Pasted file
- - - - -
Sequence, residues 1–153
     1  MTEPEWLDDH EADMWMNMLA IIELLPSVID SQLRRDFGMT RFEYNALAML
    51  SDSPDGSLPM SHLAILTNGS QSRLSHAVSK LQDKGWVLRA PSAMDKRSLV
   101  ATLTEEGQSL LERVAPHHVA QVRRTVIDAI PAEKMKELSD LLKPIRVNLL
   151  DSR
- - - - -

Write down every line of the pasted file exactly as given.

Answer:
Sequence, residues 1–153
     1  MTEPEWLDDH EADMWMNMLA IIELLPSVID SQLRRDFGMT RFEYNALAML
    51  SDSPDGSLPM SHLAILTNGS QSRLSHAVSK LQDKGWVLRA PSAMDKRSLV
   101  ATLTEEGQSL LERVAPHHVA QVRRTVIDAI PAEKMKELSD LLKPIRVNLL
   151  DSR